The Quiet Success

Telecommuting's Impact on Transportation and Beyond

Executive Summary

The decision to forego the daily commute and work from home might not seem particularly revolutionary. Yet telecommuting has a positive impact on a surprisingly wide range of issues.

Telecommuting may be the most cost-effective way to reduce rush-hour traffic and it can even improve how a weary nation copes with disasters, from hurricanes to terrorist attacks. It helps improve air quality, highway safety, and even health care as new technology allows top-notch physicians to be (virtually) anywhere. Telecommuting expands opportunities for the handicapped, conserves energy, and—when used as a substitute for offshore outsourcing—it can help allay globalization fears. It can even make companies more profitable, which is good news for our nation’s managers, many of whom have long been suspicious of telecommuting.

Other than driving alone, telecommuting is the only commute mode to gain market share since 1980. The Census Bureau notes that from 1990 to 2000 the number of those who usually worked at home grew by 23 percent, more than twice the rate of growth of the total labor market. Since 2000, telecommuting has continued to grow in popularity. Roughly 4.5 million Americans telecommute most work days, roughly 20 million telecommute for some period at least once per month, and nearly 45 million telecommute at least once per year.

And telecommuters drive less than office workers. During the days they telecommute, workers reduce their daily trips by 27 to 51 percent and driving (vehicle miles traveled) by 53 to 77 percent. Although they effectively receive no public subsidies, telecommuters actually outnumber transit commuters in a majority (27) of the 50 most populous metropolitan areas. Telecommuters outnumber transit commuters in places like San Diego, Dallas, and Phoenix. They outnumber commuters by more than two to one in places like Raleigh- Durham, Tampa-St. Petersburg, and Nashville. In Oklahoma City telecommuters outnumber transit commuters by nearly five to one.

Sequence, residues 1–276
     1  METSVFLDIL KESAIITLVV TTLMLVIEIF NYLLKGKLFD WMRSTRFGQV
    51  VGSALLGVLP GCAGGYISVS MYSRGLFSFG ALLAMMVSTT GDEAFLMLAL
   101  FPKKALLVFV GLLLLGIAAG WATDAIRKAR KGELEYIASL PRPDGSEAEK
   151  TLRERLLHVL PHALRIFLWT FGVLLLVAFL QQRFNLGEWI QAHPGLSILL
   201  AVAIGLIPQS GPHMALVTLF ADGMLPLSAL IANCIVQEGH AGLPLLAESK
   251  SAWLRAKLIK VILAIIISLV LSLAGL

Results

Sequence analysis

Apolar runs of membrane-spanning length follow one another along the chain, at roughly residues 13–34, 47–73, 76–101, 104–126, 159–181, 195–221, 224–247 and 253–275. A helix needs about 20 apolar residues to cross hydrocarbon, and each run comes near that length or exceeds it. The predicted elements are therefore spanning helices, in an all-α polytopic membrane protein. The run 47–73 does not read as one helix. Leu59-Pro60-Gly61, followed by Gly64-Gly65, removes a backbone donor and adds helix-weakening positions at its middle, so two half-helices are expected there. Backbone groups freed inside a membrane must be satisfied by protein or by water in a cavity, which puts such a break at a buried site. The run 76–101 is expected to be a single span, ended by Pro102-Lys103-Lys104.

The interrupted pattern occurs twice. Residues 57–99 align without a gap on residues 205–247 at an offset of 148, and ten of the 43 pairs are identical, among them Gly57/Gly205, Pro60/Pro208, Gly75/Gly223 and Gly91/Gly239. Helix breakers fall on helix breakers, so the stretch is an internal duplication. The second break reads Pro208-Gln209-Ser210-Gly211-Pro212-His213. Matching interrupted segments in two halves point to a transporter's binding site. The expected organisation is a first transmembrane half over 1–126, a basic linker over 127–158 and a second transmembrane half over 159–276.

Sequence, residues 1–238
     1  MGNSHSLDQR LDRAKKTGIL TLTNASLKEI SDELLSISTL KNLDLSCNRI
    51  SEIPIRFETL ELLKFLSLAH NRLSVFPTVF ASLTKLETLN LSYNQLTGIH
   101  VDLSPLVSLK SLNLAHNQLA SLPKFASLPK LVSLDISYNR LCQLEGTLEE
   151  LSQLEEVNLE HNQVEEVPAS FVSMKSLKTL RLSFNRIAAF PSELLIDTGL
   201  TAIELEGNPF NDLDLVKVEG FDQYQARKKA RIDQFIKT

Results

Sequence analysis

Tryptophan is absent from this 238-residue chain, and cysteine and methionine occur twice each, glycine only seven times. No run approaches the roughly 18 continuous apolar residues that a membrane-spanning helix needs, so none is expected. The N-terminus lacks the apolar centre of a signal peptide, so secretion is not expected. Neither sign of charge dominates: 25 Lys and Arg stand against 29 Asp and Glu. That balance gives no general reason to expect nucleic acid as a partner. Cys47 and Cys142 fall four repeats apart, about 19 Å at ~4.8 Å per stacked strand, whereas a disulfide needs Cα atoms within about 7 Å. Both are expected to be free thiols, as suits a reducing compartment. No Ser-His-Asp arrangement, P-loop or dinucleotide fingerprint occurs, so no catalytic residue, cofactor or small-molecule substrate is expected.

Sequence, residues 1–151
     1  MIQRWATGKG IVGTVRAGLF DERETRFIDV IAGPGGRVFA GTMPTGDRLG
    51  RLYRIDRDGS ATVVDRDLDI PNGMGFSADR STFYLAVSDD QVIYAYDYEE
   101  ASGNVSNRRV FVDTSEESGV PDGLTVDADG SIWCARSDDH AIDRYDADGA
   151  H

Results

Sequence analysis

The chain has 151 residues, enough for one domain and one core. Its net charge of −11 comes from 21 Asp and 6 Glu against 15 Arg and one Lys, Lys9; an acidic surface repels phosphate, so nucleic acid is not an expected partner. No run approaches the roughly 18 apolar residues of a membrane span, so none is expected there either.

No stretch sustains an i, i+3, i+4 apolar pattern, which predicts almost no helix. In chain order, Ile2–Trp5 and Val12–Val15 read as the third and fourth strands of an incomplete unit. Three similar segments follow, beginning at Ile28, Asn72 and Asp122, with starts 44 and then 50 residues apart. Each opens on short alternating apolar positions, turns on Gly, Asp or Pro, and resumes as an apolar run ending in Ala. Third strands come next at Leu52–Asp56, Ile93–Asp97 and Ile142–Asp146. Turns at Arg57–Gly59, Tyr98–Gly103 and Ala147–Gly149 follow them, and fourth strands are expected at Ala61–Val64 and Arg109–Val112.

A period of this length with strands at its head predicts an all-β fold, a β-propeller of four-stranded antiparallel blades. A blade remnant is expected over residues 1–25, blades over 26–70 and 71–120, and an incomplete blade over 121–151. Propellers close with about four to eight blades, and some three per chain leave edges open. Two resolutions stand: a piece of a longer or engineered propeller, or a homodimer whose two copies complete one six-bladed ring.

Telecommuters tend to be highly educated and financially well-off. Most of the top telecommuting metropolitan areas tend to be fast-growing regions with high concentrations of technologically savvy workers who feel comfortable using the Internet and other tools common to remote work. Denver, Portland, and San Diego are the top three telecommuting metropolitan areas (as measured by the percentage of workforce that telecommutes). Atlanta and Washington, D.C. lead the nation in telecommuting growth, yet every major metropolitan area has experienced strong growth.

Many strong social trends suggest that telecommuting will become even more prevalent in the future. For example, telecommuting-enabling technology continues to improve, telecommuting-friendly jobs are becoming more prevalent, and workers have shown they enjoy telecommuting. And why not? Telecommuting offers potentially big cumulative time savings. In most of our nation’s large cities, those who telecommute “usually” (three out of five work days) for a year would save five or more calendar days (roughly 15 8-hour work days). New York City commuters would save the most time—nearly 8 days (23 work days) per year.

Yet even with all these benefits, the workplace often resists telecommuting. There are three formidable barriers to increased telecommuting: technology, perception, and public policy.

Slow, complicated, and expensive technology can make telecommuting more trouble than it’s worth. Yet technological barriers are becoming less daunting all the time and as they continue to recede, other barriers become more significant by comparison.

Telecommuting often improves bottom lines and yet managers are slow to embrace the practice. Many still regard telecommuters as low-grade slackers, loafing at home when they should be in the office working.

It is odd that public policy so often hinders telecommuting, particularly since elected officials are some of telecommuting’s most enthusiastic supporters. But, from unfriendly zoning ordinances to frustrating tax laws, political barriers to telecommuting can be found at every level of government. The right reforms can end the disconnect between lawmakers’ kind words and their less than cordial policies.

Technology has done its part to spread it and America’s workers have shown they are open to it. Now it’s up to our leaders in politics and business to allow telecommuting to reach its full potential.

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